Writer and Director: Vinayak Chandrasekar
How does one express love? One may go the route of gifts and flowers. Perhaps a gentle stolen glance or a tiny poem if we’re dealing with a wordsmith? But Mohan has a different love language — it’s food. In one of most adorable depictions of courtships I’ve seen all this year, a no-filter Mohan (played by the phenomenal Manikandan), between mouthfuls of chicken puff, buys his crush a bun butter jam. His eyes light up when the demure Anu (Meetha Raghunath) finally feels comfortable enough to eat around him. Vinayak Chandrasekaran’s film is filled with simple moments that turn sweet little nothings into a delightful comedy with huge emotional payoffs.
Mohan is a middle child, who shares a tiny Chennai home with his exhausted single mother, a bratty younger sister, and older sibling Maha, who comes with her own package deal – husband Ramesh (Ramesh Thilak is a ‘veetodu maapila’ in a film that beautifully enough decides simply not to expand on the matter). A picture of domestic mess and bliss is painted right as the film opens. A pot of tea is busy brewing in the kitchen, dibs on bathroom schedules are seriously discussed, and a couple withdraw to their room to catch a moment to themselves. But there is one unnamed resident in the house we haven’t addressed yet. We hear Mohan even before we see him. For his snore, which shakes up close to every tenant in the apartment, is the imaginary sidekick that much of Good Night is based on.
Mohan might have been named after the sweet-voiced Mic Mohan, but his snores earn him an unforgiving moniker — Motor Mohan. This leads to some obvious chuckles. “My snoring has gone and shattered all my dreams,” our hero laments at the irony, when his catnap scares away a potential girlfriend on a cab ride to work. His family, even if they manage to unsuccessfully hide a laugh here and there, assemble by his side when he grieves over his dry spells. Or at least pretend to. What are families for? Vinayak’s screenplay makes sure to linger on every single character in the film — from Anu’s adorable landlords (Balaji Sakthivel plays one half of a dreamy older couple) to the repulsive IT bossman (Bucks), pausing to show us all their quirks and daily routines that lends itself to being a truly fresh addition to the genre. A picture perfect “fam jam” moment is beautifully choreographed when a steaming pot of home-cooked biryani softens a heated moment. The grumpy faces slowly inch towards the kitchen and the tension vanishes as quickly as it developed.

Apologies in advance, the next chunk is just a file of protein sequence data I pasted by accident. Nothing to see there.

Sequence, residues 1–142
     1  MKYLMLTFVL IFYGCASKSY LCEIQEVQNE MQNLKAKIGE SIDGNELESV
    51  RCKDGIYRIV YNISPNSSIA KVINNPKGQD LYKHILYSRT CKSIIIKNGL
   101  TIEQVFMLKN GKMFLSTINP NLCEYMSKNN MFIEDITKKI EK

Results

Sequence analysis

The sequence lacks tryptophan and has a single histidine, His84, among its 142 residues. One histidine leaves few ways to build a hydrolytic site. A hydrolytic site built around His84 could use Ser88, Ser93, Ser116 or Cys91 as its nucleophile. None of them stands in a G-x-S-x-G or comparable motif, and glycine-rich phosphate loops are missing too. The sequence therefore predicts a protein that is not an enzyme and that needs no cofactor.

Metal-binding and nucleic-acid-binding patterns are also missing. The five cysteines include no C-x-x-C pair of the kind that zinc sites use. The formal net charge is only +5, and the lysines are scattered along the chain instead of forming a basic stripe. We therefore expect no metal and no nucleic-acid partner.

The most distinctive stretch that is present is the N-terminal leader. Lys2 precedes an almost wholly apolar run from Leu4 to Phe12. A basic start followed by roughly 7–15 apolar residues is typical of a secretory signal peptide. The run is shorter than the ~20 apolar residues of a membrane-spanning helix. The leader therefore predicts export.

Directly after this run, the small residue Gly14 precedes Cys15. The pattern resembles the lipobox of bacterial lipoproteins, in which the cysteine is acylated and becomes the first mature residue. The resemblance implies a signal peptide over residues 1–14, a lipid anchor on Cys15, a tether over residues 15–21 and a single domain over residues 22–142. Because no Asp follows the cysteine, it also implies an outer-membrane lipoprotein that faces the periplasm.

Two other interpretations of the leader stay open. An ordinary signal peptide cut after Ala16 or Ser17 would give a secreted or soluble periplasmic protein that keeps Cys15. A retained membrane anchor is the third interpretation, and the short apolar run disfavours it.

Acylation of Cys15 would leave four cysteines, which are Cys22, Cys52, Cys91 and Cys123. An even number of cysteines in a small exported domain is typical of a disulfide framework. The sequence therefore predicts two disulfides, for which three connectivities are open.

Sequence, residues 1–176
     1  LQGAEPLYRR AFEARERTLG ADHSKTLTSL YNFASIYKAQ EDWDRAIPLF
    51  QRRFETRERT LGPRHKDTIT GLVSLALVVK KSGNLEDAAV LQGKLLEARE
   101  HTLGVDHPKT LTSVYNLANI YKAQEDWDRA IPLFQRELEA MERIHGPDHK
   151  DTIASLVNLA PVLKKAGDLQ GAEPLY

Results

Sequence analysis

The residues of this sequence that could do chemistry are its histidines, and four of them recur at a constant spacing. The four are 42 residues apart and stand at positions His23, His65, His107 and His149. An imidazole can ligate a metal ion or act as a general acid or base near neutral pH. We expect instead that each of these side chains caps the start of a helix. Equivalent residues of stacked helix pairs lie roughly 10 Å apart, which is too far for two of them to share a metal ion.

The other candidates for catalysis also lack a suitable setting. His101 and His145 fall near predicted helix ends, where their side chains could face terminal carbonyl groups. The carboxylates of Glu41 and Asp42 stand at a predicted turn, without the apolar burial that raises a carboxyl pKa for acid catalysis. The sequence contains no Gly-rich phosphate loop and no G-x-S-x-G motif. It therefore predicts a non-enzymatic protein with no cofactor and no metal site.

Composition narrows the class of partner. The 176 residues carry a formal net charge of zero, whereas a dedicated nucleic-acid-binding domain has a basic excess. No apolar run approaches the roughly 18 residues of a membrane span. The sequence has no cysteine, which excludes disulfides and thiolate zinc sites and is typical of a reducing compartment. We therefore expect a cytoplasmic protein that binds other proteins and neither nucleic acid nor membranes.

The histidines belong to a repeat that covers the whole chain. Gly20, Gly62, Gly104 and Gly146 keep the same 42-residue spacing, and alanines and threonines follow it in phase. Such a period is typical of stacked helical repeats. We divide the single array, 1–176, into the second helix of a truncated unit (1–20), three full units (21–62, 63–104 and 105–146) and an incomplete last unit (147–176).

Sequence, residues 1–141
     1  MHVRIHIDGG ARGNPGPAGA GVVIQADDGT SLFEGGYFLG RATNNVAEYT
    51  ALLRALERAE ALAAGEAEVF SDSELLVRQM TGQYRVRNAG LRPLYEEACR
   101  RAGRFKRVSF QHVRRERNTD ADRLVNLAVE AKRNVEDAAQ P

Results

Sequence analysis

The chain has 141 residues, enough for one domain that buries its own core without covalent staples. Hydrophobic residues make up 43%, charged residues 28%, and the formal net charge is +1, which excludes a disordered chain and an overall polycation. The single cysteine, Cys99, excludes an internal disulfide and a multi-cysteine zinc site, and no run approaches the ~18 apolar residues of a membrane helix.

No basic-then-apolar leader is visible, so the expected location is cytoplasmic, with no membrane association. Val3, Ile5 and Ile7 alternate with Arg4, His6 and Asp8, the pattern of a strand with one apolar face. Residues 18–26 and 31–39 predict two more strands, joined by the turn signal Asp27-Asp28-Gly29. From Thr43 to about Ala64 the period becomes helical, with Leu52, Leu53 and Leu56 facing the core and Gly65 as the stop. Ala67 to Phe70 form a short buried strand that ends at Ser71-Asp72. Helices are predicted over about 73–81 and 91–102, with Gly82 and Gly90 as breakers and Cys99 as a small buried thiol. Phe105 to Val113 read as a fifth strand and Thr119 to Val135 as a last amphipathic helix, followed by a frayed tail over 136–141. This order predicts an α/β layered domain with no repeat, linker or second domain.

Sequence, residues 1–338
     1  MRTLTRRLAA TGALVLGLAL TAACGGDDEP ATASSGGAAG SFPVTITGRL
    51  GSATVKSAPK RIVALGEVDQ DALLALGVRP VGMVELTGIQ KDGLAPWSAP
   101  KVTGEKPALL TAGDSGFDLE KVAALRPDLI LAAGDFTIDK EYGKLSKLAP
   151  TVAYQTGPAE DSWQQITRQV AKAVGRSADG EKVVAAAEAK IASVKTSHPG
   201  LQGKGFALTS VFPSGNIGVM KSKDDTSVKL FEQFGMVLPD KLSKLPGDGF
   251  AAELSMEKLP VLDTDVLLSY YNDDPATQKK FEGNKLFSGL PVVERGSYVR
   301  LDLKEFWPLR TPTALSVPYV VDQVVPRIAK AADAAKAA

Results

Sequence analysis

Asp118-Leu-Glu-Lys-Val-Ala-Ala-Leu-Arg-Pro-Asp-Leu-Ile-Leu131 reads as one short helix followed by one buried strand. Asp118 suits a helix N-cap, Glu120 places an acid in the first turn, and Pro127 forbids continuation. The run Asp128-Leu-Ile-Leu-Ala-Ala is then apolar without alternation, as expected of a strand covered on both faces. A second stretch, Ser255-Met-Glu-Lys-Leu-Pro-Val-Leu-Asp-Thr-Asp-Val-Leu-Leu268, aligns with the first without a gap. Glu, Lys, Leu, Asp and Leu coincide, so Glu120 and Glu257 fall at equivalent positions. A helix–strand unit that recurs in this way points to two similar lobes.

Good Night is also a superb rumination on the law of attractions. Mohan, as earlier established, has zero filters, and wears his heart on his sleeves – this means that the tears flow as easily as silly anger. Anu, on the other hand, is asocial, and is happy living in her isolated world for a reason. And then we have the outspoken Maha, who is married to Ramesh, a loudmouth water filter technician, whose voice reaches low decibels, when his ridiculously overstepping mother taunts his wife for not bearing a child. The film handles this with surprising depth, and is not scared to scratch more than just the surface. So as we get moments of frothy feel-good fun, we also get candid moments of harsh reality checks that force these characters to look inward. This is also when Good Night goes from being a breezy romp to a film that we’ll perhaps take home with us. The same mother, who chides her daughter’s in-laws for being misogynists, raises an eyebrow when her son’s wife turns up home in a kurti without a dupatta. The same man who supports and convinces her lover to stop deriding herself, yells at her using her own insecurities during a moment of weakness. These small touches of human imperfections add a layer of perception to the already meaty structure of Good Night’s screenplay.
The film goes down a predictable path in the second half, milking Mohan’s snores for tears, leaving the laughs behind. Manikandan, as usual, excels as the vulnerable nice-guy husband, who goes beyond his limits to tackle his “bedroom” problems. He might be a big ol’ crier, but the scene which has him explain the gnawing awkwardness of living with an embarrassing inconvenience, is heartrendingly performed. Even in places where the snores are stretched a little too thin for dramatic effect, Manikandan pulls us back in with the kind of warmth that closely resembles the steaming pot of biryani that brings the household together with a gushing smile.